We have to pause and ask: Where does this inhumanity come from? I urge all of you to resolve to put an end to this, no matter which religion you belong to and even if you belong to no religion, because inclusion and compassion are basic precepts of humanity.

I am pleased that there is effort in the World Bank to study the economic, health and social costs of LGBTI exclusion. The few studies there are show there are considerable costs associated with such exclusion. Nations where homosexuality is treated as criminal, which is true for more than 70 nations, the treatment of HIV and sexually-transmitted diseases has been hampered. Exclusion also affects GDP adversely.

While recognizing these I must urge you not to make a fetish of GDP. If removing discrimination against a minority group increases GDP that is good news. If enhancing justice and equality across human beings promotes GDP that is reason for celebration. But we must not argue that removing discrimination against minorities is good because it promotes GDP growth, that justice and equality are important because they lead to a higher GDP.

Removing discrimination and promoting greater equality and justice are good in themselves. If research reveals that removing certain kinds of discrimination—against women, or the LGBTI or some other group—lowers GDP a little, I would take the line that, so be it; we will live with a little less GDP in order to achieve a more just and equitable society.   

Finally, I have a message for the LGBTI community. You also have a responsibility. There is a lot of bigotry that you have to fight against, true; but, at the same time, you have to try to understand the other side. There are many traditional, good people, who are genuinely puzzled by this phenomenon. They stay away from this topic not out of meanness, but some out of ignorance. You have to reach out to them.

Nearly two decades ago, a male gay couple, close friends of my wife and me, invited us for dinner to their home. I asked them if I could bring my mother along since she was visiting us from India.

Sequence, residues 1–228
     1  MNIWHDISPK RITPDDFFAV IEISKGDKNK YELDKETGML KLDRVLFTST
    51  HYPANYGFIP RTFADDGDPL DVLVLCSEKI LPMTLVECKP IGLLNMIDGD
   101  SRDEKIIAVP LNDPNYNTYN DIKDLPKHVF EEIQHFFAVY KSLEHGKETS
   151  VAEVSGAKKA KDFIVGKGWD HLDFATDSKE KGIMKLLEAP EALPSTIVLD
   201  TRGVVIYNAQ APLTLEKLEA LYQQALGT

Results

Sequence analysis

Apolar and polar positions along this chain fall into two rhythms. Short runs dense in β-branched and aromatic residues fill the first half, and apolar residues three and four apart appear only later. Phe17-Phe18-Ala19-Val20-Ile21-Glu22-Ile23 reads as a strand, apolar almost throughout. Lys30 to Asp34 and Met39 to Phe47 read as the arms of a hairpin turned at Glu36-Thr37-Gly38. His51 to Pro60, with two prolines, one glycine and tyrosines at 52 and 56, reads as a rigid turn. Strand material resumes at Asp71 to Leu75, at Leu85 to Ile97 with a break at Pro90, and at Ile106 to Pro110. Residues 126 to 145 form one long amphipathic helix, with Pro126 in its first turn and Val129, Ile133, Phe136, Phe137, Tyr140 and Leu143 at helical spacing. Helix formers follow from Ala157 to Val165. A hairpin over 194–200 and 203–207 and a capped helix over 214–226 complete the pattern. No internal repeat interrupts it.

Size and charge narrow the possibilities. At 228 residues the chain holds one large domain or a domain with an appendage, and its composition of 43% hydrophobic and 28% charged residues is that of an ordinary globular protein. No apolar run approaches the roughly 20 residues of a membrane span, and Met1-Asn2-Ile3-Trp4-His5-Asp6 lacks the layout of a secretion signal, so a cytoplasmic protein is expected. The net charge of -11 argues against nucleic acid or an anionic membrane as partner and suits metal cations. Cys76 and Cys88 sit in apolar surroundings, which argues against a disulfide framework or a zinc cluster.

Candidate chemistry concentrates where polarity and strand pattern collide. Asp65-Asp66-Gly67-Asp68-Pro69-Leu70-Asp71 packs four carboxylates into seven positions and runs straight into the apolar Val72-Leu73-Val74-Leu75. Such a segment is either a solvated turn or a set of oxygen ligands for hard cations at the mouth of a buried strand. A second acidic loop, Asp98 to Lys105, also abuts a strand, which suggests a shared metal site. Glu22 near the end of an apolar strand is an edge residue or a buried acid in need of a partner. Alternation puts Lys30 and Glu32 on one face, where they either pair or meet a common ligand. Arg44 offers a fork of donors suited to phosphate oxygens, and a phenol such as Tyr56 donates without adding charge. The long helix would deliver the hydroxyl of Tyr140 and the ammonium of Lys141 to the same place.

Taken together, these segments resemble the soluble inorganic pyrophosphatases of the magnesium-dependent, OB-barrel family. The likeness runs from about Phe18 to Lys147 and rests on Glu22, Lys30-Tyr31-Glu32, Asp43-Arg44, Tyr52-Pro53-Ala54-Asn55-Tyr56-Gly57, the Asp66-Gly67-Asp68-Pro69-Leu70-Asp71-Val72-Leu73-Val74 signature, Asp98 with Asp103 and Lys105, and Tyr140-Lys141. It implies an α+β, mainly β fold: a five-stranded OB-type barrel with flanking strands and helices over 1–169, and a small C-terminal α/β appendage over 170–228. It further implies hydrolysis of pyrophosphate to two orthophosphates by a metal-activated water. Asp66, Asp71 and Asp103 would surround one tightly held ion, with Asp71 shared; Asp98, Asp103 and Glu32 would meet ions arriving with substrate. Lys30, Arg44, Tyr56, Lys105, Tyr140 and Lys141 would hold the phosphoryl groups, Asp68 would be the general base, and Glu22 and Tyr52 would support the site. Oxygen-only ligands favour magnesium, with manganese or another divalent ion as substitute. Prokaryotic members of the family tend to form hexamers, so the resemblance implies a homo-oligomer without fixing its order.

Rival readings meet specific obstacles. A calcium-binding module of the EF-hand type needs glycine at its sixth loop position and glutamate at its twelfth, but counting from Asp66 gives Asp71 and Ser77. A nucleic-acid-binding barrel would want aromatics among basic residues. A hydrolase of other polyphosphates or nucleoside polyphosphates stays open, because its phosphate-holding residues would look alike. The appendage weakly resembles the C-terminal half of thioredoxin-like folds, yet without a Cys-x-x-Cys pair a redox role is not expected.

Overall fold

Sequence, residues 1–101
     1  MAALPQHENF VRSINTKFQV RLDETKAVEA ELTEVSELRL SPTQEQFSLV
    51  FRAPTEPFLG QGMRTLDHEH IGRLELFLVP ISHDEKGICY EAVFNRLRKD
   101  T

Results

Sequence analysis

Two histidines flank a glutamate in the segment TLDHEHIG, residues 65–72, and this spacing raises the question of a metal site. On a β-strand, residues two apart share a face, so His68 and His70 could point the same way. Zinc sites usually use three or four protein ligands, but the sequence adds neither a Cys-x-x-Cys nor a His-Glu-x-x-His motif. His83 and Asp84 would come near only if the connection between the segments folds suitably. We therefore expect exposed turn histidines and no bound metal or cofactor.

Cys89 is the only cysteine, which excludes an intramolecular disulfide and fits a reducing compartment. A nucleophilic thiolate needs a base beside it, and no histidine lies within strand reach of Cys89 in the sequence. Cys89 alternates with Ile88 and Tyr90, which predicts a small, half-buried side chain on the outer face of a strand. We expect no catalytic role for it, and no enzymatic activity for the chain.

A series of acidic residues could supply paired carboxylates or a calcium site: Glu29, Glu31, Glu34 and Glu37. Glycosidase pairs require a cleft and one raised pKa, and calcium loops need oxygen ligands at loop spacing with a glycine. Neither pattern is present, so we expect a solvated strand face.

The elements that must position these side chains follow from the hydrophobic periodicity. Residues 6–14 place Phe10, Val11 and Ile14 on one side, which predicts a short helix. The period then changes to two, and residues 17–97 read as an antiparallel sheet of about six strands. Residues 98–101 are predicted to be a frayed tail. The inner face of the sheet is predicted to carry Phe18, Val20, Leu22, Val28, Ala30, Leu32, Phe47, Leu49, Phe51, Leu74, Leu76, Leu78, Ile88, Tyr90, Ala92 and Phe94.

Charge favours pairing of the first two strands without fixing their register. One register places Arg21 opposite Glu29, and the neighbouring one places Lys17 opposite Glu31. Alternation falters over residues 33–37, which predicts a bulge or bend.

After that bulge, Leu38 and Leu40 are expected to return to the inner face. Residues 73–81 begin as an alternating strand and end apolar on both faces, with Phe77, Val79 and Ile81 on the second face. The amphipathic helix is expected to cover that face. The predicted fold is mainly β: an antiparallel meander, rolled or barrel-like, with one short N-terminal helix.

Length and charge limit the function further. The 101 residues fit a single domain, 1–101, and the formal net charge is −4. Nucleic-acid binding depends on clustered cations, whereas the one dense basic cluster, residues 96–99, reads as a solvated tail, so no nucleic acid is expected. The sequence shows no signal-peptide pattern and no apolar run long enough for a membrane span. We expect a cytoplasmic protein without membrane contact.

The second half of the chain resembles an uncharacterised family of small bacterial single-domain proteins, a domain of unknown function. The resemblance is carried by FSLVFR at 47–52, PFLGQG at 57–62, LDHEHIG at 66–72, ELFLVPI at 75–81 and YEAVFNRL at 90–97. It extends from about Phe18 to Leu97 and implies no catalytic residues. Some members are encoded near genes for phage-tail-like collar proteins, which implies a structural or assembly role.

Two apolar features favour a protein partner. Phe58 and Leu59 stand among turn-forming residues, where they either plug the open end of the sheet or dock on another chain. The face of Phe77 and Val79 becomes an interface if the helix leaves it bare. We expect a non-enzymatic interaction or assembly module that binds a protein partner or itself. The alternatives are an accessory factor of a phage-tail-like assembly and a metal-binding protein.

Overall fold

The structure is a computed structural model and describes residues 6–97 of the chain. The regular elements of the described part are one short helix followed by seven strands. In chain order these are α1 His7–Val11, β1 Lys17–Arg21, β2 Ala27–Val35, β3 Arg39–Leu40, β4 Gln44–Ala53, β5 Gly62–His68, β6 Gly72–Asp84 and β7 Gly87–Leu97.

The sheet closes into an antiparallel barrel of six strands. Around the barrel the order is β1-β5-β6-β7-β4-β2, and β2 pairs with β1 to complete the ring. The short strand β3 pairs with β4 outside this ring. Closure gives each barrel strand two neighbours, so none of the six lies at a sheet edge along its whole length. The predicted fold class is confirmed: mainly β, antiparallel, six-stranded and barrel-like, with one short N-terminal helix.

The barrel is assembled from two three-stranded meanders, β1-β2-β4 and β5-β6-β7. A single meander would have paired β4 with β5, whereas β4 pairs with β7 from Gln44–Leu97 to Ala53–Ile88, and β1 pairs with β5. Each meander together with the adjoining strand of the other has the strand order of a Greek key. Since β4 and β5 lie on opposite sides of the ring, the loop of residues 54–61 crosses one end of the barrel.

When the day came I was worried. I had never discussed homosexuality with my mother and had no idea what her views were. She was getting on in years; and we all know that, after a certain age, political correctness vanishes from speech.

The gay couple in question happened to be an Asian and a Latin American. My mother was a bit puzzled by the regional diversity in the household and lack of gender diversity. But she was an innately friendly person and got chatting with them. With the courage that comes only with age, she said she wanted to see their apartment and said she was pleased to see that they were such good friends that they shared a bedroom.

As the evening drew to a close, I was proud of my mother; her behavior had been impeccable. She told them how happy she was to see them leading such nice lives; all they now needed, she added helpfully, was two young women to join them. 

As it happens, my mother became a friend of my friends. And till her last days in Calcutta would ask me how my friends were doing; as did my friends about her. For this friendship I was grateful to all of them for their understanding and human warmth.


Kaushik Basu

Former Chief Economist & Senior Vice President of the World Bank